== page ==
The NRF predicts consumers will spend $4.96 billion this Halloween, up significantly from just $3.29 billion a year ago. And more Americans will be celebrating--nearly two-thirds will mark the holiday somehow, compared to 52.5 percent that celebrated in 2005, with an average per-person spending of $59.06.
Why the new appeal of such an old holiday? "Retailers have been working extra hard to promote this holiday with ads and merchandising," said P.K. Kannan, Harvey Sanders Associate Professor of Marketing at the University of Maryland. "Retailers have been trying to get consumers in the mood to stretch out the holiday sales, rather than wait for it all to occur between Thanksgiving and Christmas. So Halloween is increasingly seen as the official start of the holiday season and mood."
Experts say the real change is in home décor. Halloween continues to be the second-biggest decorating holiday of the year after Christmas, and this year, 67 percent of consumers plan to purchase Halloween décor. Some 49 percent plan to decorate either their home or their yard. Kannan calls the decorating craze "social contagion. People see other people decorating their houses and having fun, and soon they get the fever and emulate their neighbors."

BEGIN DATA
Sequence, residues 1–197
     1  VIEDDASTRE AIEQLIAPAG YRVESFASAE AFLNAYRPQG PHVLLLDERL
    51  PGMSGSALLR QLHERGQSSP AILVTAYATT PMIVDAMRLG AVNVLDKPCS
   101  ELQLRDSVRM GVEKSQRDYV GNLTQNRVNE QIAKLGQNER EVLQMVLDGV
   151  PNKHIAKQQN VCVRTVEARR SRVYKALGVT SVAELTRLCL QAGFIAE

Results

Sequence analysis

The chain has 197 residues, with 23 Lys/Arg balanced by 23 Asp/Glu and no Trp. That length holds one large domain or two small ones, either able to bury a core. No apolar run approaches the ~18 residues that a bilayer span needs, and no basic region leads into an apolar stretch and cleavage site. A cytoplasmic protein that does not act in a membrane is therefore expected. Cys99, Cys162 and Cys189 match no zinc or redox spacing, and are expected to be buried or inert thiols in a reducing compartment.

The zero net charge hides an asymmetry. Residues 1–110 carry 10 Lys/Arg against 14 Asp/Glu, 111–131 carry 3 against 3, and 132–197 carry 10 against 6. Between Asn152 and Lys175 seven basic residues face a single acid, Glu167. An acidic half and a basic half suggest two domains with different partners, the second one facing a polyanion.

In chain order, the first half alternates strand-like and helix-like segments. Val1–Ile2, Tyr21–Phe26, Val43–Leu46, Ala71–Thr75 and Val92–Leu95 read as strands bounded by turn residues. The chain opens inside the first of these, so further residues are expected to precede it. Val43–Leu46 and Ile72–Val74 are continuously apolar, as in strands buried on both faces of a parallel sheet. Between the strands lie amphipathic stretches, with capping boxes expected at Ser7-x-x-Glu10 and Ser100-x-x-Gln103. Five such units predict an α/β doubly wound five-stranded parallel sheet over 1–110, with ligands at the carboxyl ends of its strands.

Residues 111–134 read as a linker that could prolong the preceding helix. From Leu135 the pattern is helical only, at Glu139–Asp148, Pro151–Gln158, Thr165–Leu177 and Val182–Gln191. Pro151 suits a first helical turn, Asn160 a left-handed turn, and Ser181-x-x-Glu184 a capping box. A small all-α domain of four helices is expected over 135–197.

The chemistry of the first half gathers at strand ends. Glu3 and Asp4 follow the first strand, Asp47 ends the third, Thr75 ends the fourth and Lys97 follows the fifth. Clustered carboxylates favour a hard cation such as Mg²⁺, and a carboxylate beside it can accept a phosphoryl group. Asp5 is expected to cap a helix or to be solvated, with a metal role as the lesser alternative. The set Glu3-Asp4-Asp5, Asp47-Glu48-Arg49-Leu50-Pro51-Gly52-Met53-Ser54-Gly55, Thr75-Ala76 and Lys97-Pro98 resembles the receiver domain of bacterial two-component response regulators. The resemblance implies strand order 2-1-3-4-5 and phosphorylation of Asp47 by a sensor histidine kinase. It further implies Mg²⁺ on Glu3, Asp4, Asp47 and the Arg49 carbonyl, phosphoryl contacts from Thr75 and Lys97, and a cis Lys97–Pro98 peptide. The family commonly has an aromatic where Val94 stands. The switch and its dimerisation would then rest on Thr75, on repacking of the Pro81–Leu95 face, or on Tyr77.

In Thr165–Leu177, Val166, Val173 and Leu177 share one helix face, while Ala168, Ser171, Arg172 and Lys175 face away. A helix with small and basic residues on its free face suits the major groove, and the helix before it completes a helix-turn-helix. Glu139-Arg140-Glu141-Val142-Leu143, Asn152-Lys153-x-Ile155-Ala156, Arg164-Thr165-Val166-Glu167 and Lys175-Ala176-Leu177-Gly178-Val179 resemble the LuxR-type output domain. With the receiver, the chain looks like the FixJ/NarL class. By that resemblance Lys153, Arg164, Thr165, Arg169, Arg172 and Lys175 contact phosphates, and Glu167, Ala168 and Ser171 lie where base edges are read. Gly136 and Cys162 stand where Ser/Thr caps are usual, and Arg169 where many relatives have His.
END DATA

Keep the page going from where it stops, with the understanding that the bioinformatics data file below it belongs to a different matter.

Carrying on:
K mart, for example, is expecting big sales of its 8-foot inflatable globe, featuring swirling ghosts and a life-sized grim reaper--a Halloween version of the popular lawn-sized "snow globes" found in yards during the Christmas season.
Costco, however, has cut back on its Halloween décor items. "Candy will be huge, of course, and we do costumes, but in terms of décor, except for a few lights, we low-key it," says a spokesman. Those costumes are predicted to a bigger business than ever. The NRF said yesterday that it expects the most popular costumes for kids to be princesses (4 million kids), pirates (1.7 million) and witches (1.7 million.)
Overall, 34 percent of adults dress up, too, with the highest percentage (62.8 percent) in the 18 to 24 crowd. For adults, the winners are witches (6.2 million), pirates (1.3 million) and vampires (1.3 million).
And this year, even the dogs are putting on the dog: Pet costumes are expected to be hot, whether it's a Princess Leia get-up at Target or the Bumblebee look at Petco.